Research now shows that feelings of exclusion are processed in the same part of the brain as physical pain. It makes sense. Human beings have always been deeply dependent on one another to survive, and our relationships are more essential to our well-being than achievement or professional success.
That’s why our brains prioritize the threat of being cast out or rejected as much as the threat of physical danger. In one study published in the Journal of Personality and Social Psychology that looked at how our brains process exclusion, participants played a game of catch on a screen with two other players they knew weren’t real people, yet they still cared deeply about the extent to which they were included. In fact, participants who were ostracized reported “lower levels of belonging, self-esteem, control, and meaningful existence.”
So for a child who worries about not belonging or about not finding friends in a new environment, the sticks and stones speech rings especially hollow.
“It’s very alienating when you’re in pain to have someone say, ‘Oh, don’t worry about it, that’s no big deal,’ ” says Julie King, co-author, with Joanna Faber, of “How to Talk So Little Kids Will Listen.” Often, King says, parents may say things like this because they are afraid that if they validate their child’s negative feelings it will only exacerbate the worries. But the reverse is true.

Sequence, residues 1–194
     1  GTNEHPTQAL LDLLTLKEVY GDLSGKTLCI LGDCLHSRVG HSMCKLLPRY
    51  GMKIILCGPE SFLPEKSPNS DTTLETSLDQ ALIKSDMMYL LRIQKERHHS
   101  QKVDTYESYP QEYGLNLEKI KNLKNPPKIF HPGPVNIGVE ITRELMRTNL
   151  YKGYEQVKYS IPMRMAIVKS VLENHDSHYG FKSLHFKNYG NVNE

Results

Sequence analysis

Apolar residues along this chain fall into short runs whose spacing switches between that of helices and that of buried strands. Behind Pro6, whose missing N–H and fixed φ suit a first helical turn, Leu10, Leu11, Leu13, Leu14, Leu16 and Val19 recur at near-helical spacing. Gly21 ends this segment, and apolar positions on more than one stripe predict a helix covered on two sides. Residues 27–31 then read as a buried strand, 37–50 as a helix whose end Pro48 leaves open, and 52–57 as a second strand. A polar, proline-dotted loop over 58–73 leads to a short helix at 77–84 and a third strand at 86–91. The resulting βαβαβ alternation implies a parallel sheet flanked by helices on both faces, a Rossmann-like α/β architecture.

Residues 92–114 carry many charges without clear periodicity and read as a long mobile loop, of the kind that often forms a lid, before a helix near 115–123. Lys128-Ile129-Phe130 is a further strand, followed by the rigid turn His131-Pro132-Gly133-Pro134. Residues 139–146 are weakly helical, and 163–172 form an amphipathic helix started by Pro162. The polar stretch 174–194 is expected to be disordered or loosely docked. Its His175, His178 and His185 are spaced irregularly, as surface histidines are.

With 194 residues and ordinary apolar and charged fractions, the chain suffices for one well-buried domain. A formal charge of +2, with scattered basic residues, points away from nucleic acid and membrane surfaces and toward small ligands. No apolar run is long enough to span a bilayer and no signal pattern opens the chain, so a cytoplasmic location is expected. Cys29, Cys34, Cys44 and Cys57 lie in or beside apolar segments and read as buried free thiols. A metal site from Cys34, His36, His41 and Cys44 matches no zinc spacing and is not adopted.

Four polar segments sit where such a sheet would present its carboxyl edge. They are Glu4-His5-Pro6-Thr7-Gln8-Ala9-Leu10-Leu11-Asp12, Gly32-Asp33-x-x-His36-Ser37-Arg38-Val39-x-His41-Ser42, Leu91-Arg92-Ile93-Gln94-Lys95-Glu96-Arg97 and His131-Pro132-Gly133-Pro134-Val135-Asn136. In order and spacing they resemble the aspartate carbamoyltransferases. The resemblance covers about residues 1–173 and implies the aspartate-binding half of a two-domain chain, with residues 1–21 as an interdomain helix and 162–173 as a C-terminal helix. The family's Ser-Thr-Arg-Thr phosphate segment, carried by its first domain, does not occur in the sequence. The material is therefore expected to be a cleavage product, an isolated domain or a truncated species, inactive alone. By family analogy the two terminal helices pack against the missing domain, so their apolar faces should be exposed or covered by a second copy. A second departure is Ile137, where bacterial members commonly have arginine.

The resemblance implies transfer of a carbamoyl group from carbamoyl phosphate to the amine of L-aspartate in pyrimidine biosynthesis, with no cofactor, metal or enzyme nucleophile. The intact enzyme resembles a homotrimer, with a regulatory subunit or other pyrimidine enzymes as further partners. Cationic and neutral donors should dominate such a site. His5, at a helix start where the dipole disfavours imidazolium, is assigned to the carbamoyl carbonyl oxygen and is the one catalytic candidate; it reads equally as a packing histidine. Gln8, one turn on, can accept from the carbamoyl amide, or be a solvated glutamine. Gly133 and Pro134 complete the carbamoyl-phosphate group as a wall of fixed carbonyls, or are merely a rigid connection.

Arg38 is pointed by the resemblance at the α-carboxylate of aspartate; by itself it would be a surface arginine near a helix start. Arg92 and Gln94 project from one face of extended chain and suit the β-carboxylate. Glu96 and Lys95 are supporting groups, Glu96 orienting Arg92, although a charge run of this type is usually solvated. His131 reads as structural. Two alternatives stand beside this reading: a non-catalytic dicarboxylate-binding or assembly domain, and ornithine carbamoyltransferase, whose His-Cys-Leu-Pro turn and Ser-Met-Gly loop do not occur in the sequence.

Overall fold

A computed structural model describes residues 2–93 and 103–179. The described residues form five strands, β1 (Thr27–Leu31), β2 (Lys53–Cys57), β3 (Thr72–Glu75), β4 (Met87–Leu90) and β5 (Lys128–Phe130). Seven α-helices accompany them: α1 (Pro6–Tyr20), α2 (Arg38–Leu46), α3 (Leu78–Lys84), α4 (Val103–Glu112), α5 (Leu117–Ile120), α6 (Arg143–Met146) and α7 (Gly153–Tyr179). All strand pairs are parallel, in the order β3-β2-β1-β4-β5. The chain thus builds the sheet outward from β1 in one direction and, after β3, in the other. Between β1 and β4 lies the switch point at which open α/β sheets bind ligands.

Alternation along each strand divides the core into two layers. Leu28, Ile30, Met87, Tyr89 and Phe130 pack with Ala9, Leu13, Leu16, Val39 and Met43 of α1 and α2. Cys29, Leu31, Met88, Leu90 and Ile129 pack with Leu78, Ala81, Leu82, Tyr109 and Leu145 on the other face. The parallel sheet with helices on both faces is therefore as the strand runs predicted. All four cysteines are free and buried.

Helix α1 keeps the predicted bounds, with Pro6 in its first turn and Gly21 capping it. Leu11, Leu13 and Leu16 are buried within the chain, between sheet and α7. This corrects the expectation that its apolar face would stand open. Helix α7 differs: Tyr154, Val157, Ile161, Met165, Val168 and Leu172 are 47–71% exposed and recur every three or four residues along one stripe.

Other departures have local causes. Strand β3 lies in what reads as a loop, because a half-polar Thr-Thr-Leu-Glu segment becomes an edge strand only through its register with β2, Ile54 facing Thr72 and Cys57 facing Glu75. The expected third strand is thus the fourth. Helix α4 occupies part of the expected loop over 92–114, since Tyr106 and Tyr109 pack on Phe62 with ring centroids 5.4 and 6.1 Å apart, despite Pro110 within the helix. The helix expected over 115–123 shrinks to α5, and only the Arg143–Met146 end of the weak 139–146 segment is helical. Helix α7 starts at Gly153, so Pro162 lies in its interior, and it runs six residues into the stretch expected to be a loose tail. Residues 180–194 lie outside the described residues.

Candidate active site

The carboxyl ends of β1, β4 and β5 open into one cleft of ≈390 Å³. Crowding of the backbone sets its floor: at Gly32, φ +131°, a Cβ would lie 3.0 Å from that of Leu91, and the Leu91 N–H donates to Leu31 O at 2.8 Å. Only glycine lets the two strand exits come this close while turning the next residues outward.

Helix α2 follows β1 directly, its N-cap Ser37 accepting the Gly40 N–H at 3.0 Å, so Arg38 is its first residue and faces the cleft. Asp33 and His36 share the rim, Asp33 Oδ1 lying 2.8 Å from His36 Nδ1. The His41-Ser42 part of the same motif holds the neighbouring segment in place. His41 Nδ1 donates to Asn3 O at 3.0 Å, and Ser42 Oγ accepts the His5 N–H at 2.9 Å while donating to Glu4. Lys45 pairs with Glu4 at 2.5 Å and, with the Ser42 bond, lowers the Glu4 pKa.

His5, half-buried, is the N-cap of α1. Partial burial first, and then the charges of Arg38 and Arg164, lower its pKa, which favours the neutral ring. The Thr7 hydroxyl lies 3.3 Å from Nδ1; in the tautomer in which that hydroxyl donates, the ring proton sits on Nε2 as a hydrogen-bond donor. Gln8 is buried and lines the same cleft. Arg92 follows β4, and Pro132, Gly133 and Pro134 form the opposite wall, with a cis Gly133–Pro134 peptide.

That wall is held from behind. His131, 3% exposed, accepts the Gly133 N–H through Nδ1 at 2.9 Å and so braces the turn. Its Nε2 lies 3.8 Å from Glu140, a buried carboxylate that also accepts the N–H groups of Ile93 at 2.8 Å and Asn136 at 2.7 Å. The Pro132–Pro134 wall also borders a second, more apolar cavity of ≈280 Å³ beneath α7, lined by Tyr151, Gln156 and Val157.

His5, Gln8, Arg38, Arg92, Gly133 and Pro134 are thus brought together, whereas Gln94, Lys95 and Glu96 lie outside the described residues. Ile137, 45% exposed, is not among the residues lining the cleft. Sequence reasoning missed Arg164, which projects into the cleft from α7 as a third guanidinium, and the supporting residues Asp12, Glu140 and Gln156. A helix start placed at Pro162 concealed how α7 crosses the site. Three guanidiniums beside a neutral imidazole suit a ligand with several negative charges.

“Say your child comes home and says about their best friend, ‘Becky hates me: She said she wants to sit with Olivia, not me,’ ” Faber says. “You want to jump in and say, ‘Of course she doesn’t hate you; she’s been your friend since kindergarten!’ or dive in with advice — 'why don’t you ask another friend to sit next to you?’ ” But when someone is in the throes of distress, Faber says, the first thing they need to know is that they’re understood.
Imagine what you would want in the same situation. Say you came home after a long day and were telling a friend or your partner that you got undercut in a meeting by a colleague you considered a friend, and they said, “Well, why don’t you just get a new work friend?” or “Don’t worry about it; that’s nothing.” Those responses would go over about as well with children as they would with adults.